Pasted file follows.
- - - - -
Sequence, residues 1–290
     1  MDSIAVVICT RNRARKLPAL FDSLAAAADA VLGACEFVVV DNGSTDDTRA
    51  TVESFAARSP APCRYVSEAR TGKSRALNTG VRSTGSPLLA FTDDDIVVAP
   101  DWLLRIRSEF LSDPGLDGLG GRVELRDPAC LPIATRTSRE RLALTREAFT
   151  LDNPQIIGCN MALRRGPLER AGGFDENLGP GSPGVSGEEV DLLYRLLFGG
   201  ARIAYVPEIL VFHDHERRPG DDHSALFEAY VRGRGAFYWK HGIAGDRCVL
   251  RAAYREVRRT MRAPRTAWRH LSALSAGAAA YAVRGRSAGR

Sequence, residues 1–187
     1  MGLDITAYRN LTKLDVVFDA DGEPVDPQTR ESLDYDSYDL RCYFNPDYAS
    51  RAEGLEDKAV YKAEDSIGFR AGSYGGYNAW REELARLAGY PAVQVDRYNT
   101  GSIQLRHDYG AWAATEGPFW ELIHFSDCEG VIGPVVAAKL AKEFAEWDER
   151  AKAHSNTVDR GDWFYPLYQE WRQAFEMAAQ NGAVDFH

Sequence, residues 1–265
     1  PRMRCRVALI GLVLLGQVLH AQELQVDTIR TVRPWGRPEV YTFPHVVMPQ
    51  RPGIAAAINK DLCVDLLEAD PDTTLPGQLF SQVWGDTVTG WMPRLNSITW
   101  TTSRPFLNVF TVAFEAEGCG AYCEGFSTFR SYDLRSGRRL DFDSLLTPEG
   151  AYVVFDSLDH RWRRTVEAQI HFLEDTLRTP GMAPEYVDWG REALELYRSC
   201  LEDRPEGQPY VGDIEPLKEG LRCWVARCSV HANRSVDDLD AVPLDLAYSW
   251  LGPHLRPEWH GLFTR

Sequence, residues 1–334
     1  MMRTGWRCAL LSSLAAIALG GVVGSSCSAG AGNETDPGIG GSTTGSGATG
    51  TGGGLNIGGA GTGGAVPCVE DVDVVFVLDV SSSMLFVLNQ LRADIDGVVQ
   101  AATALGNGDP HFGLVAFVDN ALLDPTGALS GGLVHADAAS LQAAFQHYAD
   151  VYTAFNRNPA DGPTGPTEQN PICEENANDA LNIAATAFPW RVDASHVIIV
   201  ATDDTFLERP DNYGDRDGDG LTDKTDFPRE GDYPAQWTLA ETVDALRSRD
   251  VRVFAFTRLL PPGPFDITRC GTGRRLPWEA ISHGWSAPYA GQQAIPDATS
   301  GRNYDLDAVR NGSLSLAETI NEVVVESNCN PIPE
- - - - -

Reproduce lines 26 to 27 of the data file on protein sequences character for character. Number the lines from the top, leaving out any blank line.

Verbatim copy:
   251  VRVFAFTRLL PPGPFDITRC GTGRRLPWEA ISHGWSAPYA GQQAIPDATS
   301  GRNYDLDAVR NGSLSLAETI NEVVVESNCN PIPE